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On Theater: Gary Saderup takes on yet another character, this time Winston Churchill

Every so often I hear from my old friend Gary Saderup, with whom I worked on several local stage productions back in the 1970s when we both were involved with the Irvine Community Theater.

Saderup was, and is, both a terrific actor and a spot-on charcoal sketch artist, whose renderings of John Wayne and Marilyn Monroe hang on my bedroom wall. He's also the master of the one-man show, having turned out videos of Gen. Douglas MacArthur and Abraham Lincoln in years past.

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This time he's taken on the persona of Sir Winston Churchill, recounting the former British prime minister's historic leadership in the early days of World War II, in a new film. I say "early days" because Steve Rivera's script ends in 1940, over a year before America got into the thick of it.

Nevertheless, half a loaf is better than none, as they say, and Saderup gives this first portion of Churchill's wartime career a sterling portrayal. He even captures the prime minister's slight lisping speech pattern when pronouncing the letter "S."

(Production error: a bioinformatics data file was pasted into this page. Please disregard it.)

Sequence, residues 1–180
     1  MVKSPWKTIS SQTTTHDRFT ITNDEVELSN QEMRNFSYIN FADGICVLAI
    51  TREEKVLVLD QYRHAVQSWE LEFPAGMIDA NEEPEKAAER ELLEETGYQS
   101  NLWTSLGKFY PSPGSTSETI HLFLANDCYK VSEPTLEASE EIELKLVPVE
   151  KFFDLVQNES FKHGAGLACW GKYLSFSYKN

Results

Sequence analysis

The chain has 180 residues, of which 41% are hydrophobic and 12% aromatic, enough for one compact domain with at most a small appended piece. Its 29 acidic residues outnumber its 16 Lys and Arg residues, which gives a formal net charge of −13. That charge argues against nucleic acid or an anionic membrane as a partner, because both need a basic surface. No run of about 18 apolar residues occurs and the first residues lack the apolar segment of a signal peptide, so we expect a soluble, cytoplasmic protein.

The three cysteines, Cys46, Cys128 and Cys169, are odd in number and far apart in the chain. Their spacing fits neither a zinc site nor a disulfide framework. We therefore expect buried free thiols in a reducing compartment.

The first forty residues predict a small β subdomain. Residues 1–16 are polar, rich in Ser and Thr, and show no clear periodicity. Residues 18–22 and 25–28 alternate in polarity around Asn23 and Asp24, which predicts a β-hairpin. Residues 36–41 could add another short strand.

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As the video's publicist notes, "We see Churchill's repeated warnings, his speeches to Parliament, his reaction to the events and people leading up to World War II, and finally we see Churchill lifting Great Britain from its deepest despair to its greatest victory — stopping the Nazi war machine."

Well, we may not witness that latter event, but what Saderup presents from those early days makes for compelling viewing.

That Saderup is a chameleon of an actor who can channel MacArthur and Lincoln with equal tenacity is well known by those who viewed those first two videos. In "Churchill," he delves into the bulldog-like determination of the prime minister with a richly powerful interpretation on both a vocal and dramatic scale.

"I think this film shows the most dramatic and important part of Churchill's life," Saderup commented in a recent conversation from his home in Camarillo. "To me, the events in this period are the essence of Churchill."

Perhaps, but I still felt disappointed when the video ended in 1940, before the U.S. involvement and before Sir Winston's final triumph. Hopefully, there's an Act II somewhere in the future.

"Churchill" will be available this summer from KULUR International Films online and from Barnes and Noble, Walmart and other retailers. For local theatergoers who remember Saderup from the 1970s, it's must-viewing.

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TOM TITUS reviews local theater.

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